Academic Integrity

"Resources for promoting ethical classroom behavior."

Why Do Students Cheat?

While many dismiss the act of academic dishonesty with a simplistic: “Students cheat because they are lazy” or “Cheating is easier than working hard to succeed,” the issue of academic dishonesty proves as nuanced as it is persistent. 

“Remixing” Teaching Plagiarism in the Digital Age

A photo of an instructor writes on a chalkboard while a student plays on their smartphone.

Convincing students that academic writing and research is significant to their lives is not always easy. Further, in a highly digital world with increasingly digitized libraries, journals, newspapers, and other research sources, traditional book-based research may seem outdated and irrelevant to them. While this may be disappointing for many instructors, it is important to understand how students, especially millennials, might see scholarship in the context of the digital age. To understand this context, let’s look at an example: the remix.

Discussing Academic Integrity with Students

A photo of three students in a classroom with one raising a hand.

Most researchers agree that proactive strategies are far more effective at curbing academic dishonesty than punitive policies alone. Sometimes one of the best proactive strategies can be a classroom discussion (whether in a virtual discussion board or face-to-face) because it provides an opportunity for students to more fully comprehend, reflect, and question the potentially hazardous consequences of academic dishonesty.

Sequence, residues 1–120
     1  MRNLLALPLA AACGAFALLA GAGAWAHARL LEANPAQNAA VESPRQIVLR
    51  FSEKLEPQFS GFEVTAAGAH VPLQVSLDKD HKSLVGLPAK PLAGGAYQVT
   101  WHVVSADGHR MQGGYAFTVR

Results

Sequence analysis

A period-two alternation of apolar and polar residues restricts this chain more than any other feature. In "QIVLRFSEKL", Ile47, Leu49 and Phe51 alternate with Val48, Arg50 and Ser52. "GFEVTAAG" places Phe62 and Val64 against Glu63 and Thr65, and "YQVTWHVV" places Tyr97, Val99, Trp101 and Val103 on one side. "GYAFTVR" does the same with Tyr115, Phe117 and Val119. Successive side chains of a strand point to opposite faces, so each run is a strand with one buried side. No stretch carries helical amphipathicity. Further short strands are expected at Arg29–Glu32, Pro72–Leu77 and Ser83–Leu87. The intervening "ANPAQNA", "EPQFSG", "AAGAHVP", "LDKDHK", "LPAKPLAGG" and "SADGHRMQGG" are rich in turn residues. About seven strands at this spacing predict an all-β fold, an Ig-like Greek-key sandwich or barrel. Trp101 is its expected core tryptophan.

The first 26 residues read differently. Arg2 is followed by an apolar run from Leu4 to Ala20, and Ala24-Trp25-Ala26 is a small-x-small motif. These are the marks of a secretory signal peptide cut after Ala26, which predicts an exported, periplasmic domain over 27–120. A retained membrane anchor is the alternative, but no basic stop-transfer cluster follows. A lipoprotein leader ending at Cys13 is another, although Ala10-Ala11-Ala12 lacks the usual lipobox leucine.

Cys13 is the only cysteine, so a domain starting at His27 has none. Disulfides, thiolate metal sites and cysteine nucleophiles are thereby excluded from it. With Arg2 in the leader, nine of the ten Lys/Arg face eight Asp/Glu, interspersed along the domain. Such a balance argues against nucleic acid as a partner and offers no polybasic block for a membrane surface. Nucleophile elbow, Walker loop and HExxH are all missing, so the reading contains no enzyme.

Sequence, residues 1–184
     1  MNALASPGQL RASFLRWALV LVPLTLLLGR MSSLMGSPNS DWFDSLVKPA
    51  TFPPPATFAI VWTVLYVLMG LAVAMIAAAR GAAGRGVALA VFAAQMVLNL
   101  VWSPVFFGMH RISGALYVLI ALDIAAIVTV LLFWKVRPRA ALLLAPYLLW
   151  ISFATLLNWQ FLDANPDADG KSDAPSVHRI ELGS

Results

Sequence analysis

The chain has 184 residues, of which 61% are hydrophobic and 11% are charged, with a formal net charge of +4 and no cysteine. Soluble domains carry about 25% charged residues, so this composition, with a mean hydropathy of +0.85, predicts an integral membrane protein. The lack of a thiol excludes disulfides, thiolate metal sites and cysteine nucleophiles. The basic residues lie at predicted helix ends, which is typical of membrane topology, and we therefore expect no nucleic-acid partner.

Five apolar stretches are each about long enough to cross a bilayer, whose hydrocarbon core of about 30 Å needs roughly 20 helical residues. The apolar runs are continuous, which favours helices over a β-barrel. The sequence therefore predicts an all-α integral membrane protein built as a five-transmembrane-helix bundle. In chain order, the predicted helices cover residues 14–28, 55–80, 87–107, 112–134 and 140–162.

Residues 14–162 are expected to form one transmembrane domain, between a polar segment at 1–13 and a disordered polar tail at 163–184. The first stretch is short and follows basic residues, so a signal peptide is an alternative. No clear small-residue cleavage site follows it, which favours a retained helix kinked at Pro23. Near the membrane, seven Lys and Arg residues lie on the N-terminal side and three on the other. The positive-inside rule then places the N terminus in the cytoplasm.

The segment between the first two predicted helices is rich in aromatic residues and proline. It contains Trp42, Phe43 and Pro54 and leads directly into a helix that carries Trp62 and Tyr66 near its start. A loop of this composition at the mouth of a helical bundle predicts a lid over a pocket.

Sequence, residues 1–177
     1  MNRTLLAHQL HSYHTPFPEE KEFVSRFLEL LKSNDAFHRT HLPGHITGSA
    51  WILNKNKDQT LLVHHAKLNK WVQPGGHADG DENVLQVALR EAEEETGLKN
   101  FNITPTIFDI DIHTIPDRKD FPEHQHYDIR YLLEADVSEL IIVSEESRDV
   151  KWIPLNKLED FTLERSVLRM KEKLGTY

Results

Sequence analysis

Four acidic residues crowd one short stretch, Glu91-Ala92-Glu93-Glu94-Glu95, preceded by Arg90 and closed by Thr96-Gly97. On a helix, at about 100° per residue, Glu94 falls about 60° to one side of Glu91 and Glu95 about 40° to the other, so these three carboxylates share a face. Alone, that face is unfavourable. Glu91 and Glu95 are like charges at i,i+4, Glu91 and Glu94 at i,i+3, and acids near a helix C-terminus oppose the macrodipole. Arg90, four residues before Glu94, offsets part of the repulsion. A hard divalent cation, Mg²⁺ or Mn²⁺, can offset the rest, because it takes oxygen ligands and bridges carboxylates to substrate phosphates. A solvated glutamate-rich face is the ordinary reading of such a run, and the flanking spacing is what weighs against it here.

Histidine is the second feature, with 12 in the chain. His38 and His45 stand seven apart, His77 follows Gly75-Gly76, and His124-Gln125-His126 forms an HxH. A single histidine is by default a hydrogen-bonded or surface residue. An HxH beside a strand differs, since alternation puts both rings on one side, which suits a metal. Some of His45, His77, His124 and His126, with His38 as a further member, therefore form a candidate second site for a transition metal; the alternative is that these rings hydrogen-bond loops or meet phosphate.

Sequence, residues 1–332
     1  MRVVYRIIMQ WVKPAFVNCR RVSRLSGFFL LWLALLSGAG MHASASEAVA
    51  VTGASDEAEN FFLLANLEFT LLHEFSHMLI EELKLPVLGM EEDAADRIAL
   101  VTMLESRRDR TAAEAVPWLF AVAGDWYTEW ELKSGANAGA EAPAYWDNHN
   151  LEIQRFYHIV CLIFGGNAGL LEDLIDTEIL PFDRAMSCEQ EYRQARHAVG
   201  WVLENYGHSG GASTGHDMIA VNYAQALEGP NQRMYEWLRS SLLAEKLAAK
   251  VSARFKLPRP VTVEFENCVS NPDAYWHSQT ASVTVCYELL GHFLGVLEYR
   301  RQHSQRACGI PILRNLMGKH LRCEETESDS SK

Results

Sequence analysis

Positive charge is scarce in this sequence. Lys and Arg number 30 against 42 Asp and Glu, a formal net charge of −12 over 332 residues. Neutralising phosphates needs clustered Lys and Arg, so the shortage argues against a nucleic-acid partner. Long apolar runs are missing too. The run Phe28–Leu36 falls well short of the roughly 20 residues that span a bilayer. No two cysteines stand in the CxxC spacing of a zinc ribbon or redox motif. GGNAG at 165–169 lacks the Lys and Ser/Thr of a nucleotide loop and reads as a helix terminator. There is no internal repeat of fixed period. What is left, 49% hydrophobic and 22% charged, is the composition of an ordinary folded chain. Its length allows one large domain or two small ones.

Academic Integrity: A UNT Resource Guide

A photo of hanging light bulbs shining in the dark.

UNT has numerous sources and resources committed to helping cultivate student academic success. Although academic integrity is ultimately the responsibility of the student, differences in disciplinary expectations necessitates that instructors reinforce academic integrity practices. Awareness of available student programs and needed assistance can help students further avoid risk of academic dishonesty. Keep in mind that because of the sad fact that not all students are educated equally, our most “at-risk” students often need extra guidance and mentoring. We have divided these resources into two categories: those for instructors and those for students. 

Academic Integrity: A Classroom Activity Guide

A photo of a blonde woman holding an electronic notebook and gesturing with a pen.

This guide is designed as a resource for helping instructors promote, encourage, and cultivate a culture of academic integrity in their classrooms. The guide contains a list of questions and/or prompts that can be utilized in the classroom (whether face-to-face or virtual) in multiple ways in order to assist students in understanding the importance of academic integrity and the different types of academic dishonesty.